Yes, you’re the best player on the planet. And yes, you can literally dominate any NBA game that you wish. But you have to make those free throws. You’re the King, you just have to.

3. The Dez Bryant video.

Not gonna lie, I hated this story; Dez Bryant is actually my favorite WR in the league, and it’s a pipedream, but I’d love for him to join the Indianapolis Colts, so hearing that something could derail his career really bothered me.

According to many news stations, there is a video of Dez Bryant assaulting his mother (I think) approximately five years ago. While this video exists, plenty of prominent news figures have tried to attain it, but haven’t been successful in doing so.

The first reaction that I heard to this was that the Cowboys were trying to drive down Dez’s price for a long-term contract. Dez had once come out and said that he could do anything that Calvin “Megatron” Johnson could do, so I’m guessing he expected to be compensated as the #1 WR in the league. But this video could have bigger effects than just that; some people are saying that if the video becomes public, there’s a chance that no NFL team would ever look at Dez again.

Just my take on the situation… Why are athletes so stupid?

Firstly, I don’t care who you are, you shouldn’t be assaulting another person, especially your mother. These guys are literally being paid millions to play a game, and they decide that smoking weed or beating up others is worth all of that money.

If the story is true, I would think that he’d get a decent punishment from the NFL, but I can see a team giving him a chance to keep his career, just because he’s a monster on the field.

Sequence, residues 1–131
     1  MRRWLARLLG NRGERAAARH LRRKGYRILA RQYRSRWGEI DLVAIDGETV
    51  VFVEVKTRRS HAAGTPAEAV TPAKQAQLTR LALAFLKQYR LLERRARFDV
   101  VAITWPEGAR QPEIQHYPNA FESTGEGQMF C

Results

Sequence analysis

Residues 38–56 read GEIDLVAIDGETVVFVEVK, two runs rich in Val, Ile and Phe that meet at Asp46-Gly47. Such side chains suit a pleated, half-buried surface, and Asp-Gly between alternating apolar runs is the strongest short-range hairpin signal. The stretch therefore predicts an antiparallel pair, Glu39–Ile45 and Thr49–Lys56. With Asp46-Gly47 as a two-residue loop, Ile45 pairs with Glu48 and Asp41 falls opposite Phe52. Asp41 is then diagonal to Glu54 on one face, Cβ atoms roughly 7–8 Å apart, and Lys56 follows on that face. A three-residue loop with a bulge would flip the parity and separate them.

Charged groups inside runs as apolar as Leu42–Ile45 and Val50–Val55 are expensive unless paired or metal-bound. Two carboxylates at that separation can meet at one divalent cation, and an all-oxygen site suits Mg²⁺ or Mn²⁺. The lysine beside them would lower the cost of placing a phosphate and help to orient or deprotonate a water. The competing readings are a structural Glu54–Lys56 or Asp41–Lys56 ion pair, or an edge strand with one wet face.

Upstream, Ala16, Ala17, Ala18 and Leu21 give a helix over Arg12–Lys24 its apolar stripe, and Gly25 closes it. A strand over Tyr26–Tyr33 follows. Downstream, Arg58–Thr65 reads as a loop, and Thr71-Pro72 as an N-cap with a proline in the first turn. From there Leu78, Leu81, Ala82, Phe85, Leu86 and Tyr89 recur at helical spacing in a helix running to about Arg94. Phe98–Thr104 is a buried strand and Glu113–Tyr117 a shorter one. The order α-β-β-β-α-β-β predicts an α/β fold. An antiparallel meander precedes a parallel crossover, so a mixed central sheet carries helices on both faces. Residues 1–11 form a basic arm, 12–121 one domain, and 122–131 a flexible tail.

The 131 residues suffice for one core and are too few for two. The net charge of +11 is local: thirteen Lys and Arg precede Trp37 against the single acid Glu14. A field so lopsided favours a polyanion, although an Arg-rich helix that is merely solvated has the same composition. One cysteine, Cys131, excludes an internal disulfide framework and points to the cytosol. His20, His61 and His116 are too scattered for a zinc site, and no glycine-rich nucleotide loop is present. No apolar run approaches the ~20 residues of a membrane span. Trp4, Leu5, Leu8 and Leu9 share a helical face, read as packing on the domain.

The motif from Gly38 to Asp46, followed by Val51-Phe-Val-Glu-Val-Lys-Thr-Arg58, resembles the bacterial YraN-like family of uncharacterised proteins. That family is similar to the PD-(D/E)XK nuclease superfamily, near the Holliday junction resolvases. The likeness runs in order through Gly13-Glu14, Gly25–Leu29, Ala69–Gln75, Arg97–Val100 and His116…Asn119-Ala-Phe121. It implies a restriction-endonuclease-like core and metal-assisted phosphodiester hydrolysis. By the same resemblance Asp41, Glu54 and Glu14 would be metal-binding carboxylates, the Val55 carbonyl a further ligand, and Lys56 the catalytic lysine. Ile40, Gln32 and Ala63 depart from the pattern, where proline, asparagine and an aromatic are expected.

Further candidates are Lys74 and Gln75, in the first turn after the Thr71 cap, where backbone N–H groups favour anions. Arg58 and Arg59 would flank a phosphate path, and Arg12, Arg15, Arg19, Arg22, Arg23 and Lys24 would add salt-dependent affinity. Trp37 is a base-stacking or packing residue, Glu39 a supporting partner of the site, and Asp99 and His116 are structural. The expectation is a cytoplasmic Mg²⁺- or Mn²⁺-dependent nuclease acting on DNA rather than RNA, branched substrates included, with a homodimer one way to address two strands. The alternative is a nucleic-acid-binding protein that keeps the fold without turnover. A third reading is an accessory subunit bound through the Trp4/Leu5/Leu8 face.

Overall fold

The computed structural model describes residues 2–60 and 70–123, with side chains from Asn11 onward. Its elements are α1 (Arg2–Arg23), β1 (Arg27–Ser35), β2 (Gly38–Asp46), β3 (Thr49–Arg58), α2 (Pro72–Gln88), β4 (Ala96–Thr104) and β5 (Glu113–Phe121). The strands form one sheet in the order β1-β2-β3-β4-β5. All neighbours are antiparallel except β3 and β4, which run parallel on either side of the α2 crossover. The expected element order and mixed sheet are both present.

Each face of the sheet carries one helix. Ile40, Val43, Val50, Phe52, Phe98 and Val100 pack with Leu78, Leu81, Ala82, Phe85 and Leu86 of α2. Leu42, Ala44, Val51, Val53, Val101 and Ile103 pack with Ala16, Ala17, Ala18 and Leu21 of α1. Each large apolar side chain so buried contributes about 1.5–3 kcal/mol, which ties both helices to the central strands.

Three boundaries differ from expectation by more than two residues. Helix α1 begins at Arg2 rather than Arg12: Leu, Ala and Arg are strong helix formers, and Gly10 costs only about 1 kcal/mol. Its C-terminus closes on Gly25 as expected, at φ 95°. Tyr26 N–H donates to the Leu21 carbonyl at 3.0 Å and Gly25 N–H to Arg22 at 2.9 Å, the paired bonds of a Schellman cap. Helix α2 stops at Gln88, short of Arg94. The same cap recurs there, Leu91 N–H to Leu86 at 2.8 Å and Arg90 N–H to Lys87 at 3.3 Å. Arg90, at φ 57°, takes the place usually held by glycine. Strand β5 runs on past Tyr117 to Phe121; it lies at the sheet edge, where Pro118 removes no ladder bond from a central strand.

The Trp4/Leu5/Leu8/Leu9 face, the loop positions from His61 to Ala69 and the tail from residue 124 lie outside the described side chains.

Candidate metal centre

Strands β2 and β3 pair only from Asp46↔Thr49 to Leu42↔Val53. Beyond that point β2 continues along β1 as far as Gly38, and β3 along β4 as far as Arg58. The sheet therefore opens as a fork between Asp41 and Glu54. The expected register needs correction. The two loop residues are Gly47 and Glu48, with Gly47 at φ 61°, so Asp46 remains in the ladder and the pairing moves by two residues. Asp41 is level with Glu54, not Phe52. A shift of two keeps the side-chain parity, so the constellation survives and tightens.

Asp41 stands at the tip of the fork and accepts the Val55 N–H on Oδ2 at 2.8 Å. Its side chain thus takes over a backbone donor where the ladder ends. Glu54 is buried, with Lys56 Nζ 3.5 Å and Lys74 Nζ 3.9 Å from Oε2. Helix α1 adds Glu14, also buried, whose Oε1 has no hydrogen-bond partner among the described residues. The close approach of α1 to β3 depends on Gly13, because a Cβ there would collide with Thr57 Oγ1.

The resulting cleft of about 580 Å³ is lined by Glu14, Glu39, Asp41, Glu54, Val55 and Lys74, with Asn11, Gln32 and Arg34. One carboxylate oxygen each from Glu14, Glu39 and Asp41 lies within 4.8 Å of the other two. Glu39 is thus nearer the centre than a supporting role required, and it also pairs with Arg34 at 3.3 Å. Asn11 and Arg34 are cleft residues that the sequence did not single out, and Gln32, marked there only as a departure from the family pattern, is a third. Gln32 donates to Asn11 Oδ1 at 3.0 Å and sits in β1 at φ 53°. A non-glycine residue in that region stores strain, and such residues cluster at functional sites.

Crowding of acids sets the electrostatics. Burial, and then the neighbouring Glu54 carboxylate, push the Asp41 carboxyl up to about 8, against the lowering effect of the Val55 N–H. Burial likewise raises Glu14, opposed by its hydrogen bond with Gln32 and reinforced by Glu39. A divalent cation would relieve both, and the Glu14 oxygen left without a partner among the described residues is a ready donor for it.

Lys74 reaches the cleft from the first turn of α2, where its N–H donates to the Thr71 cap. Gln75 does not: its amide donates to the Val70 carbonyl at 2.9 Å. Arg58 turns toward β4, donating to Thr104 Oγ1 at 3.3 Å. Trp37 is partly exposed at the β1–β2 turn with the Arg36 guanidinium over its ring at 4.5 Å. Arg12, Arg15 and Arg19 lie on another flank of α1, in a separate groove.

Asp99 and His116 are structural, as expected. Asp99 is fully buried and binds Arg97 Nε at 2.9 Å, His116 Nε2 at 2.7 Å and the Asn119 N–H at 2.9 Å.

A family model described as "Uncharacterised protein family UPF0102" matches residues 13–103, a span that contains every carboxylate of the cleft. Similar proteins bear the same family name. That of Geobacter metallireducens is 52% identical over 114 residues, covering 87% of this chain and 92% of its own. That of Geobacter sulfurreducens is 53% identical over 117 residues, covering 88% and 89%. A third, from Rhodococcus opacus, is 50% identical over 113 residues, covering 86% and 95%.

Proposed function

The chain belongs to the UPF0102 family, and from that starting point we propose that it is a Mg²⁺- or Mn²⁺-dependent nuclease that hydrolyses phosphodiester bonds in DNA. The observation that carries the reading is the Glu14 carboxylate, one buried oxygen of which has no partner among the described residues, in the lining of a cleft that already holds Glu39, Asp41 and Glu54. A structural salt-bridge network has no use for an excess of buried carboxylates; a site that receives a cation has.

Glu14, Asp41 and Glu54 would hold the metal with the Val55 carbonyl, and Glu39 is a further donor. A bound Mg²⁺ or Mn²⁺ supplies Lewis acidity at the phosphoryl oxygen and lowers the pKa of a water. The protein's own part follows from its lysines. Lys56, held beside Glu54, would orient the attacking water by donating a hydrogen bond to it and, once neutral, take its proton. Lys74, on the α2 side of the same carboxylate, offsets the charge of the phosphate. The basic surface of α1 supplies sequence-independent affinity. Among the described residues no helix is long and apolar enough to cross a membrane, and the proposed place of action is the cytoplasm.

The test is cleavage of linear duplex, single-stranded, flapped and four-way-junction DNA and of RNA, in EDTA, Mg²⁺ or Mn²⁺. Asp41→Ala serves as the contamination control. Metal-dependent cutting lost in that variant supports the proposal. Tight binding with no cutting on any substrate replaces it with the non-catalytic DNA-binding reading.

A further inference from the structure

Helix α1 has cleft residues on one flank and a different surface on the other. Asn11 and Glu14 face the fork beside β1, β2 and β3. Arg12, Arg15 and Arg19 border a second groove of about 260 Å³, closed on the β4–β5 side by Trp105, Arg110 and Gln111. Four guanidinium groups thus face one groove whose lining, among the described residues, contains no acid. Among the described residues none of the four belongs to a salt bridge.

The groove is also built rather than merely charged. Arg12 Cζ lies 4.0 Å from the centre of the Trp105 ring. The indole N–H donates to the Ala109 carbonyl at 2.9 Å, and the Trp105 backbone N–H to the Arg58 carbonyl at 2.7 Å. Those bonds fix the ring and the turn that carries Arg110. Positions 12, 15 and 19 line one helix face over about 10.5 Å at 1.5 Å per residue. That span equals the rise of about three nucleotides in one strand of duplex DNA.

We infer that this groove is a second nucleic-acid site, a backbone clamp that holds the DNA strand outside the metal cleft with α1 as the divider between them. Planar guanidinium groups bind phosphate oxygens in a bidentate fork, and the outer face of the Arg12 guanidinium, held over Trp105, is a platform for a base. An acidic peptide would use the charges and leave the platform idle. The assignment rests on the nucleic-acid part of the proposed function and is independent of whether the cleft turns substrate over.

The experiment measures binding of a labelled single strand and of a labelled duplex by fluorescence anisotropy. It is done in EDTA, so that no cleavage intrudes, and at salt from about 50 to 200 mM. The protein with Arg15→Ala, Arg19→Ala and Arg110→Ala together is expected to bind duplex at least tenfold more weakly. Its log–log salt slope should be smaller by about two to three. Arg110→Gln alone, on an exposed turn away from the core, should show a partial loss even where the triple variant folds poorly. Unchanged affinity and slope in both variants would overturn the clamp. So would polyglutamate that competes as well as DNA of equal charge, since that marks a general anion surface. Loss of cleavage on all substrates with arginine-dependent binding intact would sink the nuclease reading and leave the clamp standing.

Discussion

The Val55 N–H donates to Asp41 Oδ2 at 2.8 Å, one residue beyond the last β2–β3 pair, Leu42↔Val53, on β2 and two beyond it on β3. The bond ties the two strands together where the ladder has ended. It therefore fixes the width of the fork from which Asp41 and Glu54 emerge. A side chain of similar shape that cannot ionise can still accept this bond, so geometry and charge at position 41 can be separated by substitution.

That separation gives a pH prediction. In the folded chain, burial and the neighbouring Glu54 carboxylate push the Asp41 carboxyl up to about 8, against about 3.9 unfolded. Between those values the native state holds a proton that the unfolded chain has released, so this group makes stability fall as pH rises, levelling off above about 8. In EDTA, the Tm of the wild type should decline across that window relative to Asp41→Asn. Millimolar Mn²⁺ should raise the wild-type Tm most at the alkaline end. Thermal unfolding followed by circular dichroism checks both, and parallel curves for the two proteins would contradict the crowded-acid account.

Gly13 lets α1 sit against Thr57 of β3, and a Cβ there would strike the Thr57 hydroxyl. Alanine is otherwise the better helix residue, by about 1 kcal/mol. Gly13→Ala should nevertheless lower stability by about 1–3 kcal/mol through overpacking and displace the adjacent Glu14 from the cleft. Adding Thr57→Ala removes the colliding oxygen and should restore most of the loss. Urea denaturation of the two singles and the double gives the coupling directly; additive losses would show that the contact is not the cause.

4. The NHL trade deadline.

I know nothing about hockey, so I won’t be analyzing the trade deadline or what not. But it’s just interesting to see all of the player movement in the NHL and the MLB, whereas the NFL and NBA typically have the most quiet trade deadlines.

If my research is correct, and I’m using Wikipedia right now (my English teachers would be so disappointed…), but on the 2012 trade deadline, they had 15 individual trades. And on the 2011 trade deadline, they had 16 individual trades.

Personally, I think that’s an awesome trade deadline! But I think there’s a viable reason as to why these two leagues have more activity during trading season, and it all comes down to their farming systems.

Both the MLB and the NHL have elaborate minor league systems, which allows players to develop skills at the same time as the major leaguers, and it gives team management more freedom when it comes to trading away/for big name players. I’d be more willing to sacrifice my future for a current big piece for my team, because there’s a lot of competitive substitutes for future potential. In the NBA and the NFL, there’s only college and, to a lesser degree, international leagues. Therefore, letting go of a star player or trading away draft picks for a star is less likely because there’s not as much overall talent that could replace that player or those picks.

I’m a big proponent of the NBA emphasizing D-League play and the NFL bringing back the NFL Europa. I actually think that college basketball players should be drafted to the D-League for a year minimum, so they get more experience, deal with the nuances of professional play, and get paid in the process. Then once that year is over, you’re eligible to be drafted in the NBA.

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Credit all authors of images used in both article and as cover image : Imran Ebrahim